Concept: Chaparral A1 e-Racer by Oberdan Bezzi

08/03/2010 @ 7:52 am, by Jensen Beeler19 COMMENTS

Italian designer Oberdan Bezzi (view our coverage here) is at it again with his pen and paper, and this time he’s set his mind to imagining a battery-powered electric motorcycle. Based off the now defunked Chaparral brand, Bezzi sees the Texan company reinventing itself and entering the electric motorcycle racing scene. The bike has a full carbon chassis, a liquid cooled motor, and great attention to aerodynamics, according to Obiboi. We can also see five removable battery packs on each side of the motorcycle, and single shock suspension used not only on the rear, but also on the front fork assembly.

Wait…we feel like we’ve seen this before…Yes, it seems Bezzi has ripped-off every detail found on the MotoCzysz E1pc, right down to the motor and controller mounting points. Of course the A1 e-Racer looks like the E1pc 1.0, with its square battery packs. Oberdan must have missed our article on the eDD where we explained that the E1pc’s chevron shaped batteries allowed for more front wheel clearance. Imitation is the highest form of flattery, right Michael?

We do like those winglets though…

Source: Oberdan Bezzi

  • Ian

    Those ‘removeable’ battery packs don’t look like a quick change- looks like every major piece of body work would have to come off first!

    The nose looks suspiciously like that on the new Kawasaki shown a few weeks ago:

  • Not even a mention of the e1pc in his post. Has Oberdan always ripped off designs like this?

    The e1pc looks better.

  • In defense of Obiboi, it’s not like he’s actually an engineer/designer working on a real chassis design/packaging. He does fancy drawings of cool looking motorcycles so his main job is to focus on the asthetics and he does that well enough.

  • Aj

    Does this guy actually have a job designing bikes or does he just do a bunch of hopeful concepts? I see his concepts all over the internet but none of them are even remotely official.

  • Sen Heng, don’t get me wrong, I’ve always loved seeing Obiboi work. Not sure how you can defend him having such a similar design to the e1pc without the mention of Michael Czysz.

    I left a comment on his post. Maybe he has a legitimate reason.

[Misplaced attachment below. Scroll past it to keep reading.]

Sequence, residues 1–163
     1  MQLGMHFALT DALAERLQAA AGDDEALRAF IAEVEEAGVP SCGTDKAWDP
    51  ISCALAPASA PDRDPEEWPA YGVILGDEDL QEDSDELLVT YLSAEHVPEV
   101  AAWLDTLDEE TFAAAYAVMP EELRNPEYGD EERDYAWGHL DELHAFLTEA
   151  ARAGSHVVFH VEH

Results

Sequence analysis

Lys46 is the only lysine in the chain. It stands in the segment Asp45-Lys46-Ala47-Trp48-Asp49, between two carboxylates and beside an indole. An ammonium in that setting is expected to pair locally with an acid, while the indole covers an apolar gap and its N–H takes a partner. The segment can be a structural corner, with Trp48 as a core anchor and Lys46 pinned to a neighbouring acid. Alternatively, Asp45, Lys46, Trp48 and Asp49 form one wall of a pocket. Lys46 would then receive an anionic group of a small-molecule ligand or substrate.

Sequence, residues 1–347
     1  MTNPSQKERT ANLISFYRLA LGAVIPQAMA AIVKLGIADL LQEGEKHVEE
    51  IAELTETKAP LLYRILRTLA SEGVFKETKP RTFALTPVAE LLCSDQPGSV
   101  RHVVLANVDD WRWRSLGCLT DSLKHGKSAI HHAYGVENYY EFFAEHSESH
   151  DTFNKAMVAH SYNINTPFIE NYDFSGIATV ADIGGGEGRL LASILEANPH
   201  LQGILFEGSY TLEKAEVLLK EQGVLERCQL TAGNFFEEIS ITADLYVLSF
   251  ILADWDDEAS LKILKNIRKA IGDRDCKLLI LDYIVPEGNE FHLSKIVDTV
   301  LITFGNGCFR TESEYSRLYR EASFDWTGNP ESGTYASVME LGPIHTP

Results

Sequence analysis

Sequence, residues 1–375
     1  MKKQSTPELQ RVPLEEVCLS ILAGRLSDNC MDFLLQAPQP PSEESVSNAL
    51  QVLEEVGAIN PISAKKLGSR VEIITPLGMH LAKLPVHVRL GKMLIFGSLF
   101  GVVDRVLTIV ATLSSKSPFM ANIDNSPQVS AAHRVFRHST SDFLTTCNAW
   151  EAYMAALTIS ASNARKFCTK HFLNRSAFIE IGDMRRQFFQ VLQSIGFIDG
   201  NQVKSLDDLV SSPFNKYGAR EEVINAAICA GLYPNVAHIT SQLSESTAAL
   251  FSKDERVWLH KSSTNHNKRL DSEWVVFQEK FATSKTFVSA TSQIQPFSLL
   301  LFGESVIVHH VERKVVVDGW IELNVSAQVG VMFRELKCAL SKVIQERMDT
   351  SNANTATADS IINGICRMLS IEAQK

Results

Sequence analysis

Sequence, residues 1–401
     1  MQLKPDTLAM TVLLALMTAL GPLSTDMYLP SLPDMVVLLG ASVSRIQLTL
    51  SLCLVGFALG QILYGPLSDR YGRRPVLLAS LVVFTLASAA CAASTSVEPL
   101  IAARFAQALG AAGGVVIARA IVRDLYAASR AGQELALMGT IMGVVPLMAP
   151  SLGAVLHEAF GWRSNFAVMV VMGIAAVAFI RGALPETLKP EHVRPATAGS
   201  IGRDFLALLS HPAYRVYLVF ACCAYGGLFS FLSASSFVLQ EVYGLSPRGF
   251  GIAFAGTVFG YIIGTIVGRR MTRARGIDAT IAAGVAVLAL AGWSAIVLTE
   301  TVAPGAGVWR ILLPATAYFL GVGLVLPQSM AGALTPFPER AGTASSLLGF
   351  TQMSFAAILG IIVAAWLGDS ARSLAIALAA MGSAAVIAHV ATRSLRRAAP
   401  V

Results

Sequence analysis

• Nimdae

    I’m not sure how you can call it a ripoff of another bike. If the design has any basis on the technology being used to build an actual bike, then the design is within the constraints of possibility provided. The only real similarity I see is the arrangement of batteries, and that’s not really saying much. The frame is only similar in that it’s an obvious motorcycle design, and the body work is completely different.

    To say that the battery arrangement and design is what makes it a ripoff is to say that Suzuki rips off Kawasaki because of their inline 4 cylinder motorcycles. As more people get into the electric motorcycle arena, you’re going to see some designs that resemble others, mostly due to the technology being used.

  • @Nimdae (re: suzuki vs kawasaki) I guess your right in a way but it’s kind of a stretch considering where the development and design of electric motorcycles stands.

    Maybe Oberdan has not seen MotoCzysz’s bike. Maybe I am overly sensitive to giving credit to inspiration. Well see if he approves my comment and responds.

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  • Motoczysz didn’t mention in his post.

    What is the problem? we take care to mention! :-P

    In my post I mentioned the EPC1. X-D

    Not escape!

  • @Motoelettriche

    Yes you did, and that’s Peter Lombardi’s photo of the E1pc (a photo he took for us) that you use in your header too. ;)

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  • Have checked out the gorgeous E1pc at the TT2010 and make the following comments on the A1 eRacer. Dont understand the battery stacks so ‘high’ in the frame, put the smarts up high (light weight) and the batteries as low as practicable. Why have what appears to be a lay shaft for the output sprocket to chain, wasted space and energy, I reckon the motor needs to go ‘into’ the rear wheel, get rid of all the drive chains, sprockets etc., some Electric Scooters already have this, ultimately forsee motors in both wheels allowing switchable 1/2 wheel drive and regen on overrun/braking. Did I mention Fuel Cell tech….

  • I don’t know off the top of my head how heavy the D1-10 motor is, but I’d guess ~40lbs . That’s a lot of unsprung weight going on there.

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  • Rob

    FYI: The word is, “defunct.”

  • buellracerx

    I would have to agree with Derek; the most logical path for motor development to go is to in-wheel mounting. Different configurations will allow for this, as will advanced structural/thermal analysis, allowing optimized and lighter designs. Really though Jensen, in a road bike (especially race, where the surface is smoother), I can’t see how unsprung weight makes that big of a difference. What’s the max travel of a wheel, 2.5-3 in.?? now rotational inertia, that makes all the difference…

    As to the sketch, though, looks pretty sick…ridiculously unrealistic, but who among us has never drooled over a concept car/bike @ IMS or IAS?

  • Yes, rotational mass is a much large concern, but I still think it makes a big difference when you consider that 40lbs is about 10% of the bike’s weight. Combined with the weight of the wheels, tires, and brake rotors, that’s a lot of mass that’s un-sprung.

  • buellracerx

    Very true. I’d just be interested to see what kind of traction difference it would make…

    Oh well, I guess we’ll just have to wait until somebody starts pouring $$ at the idea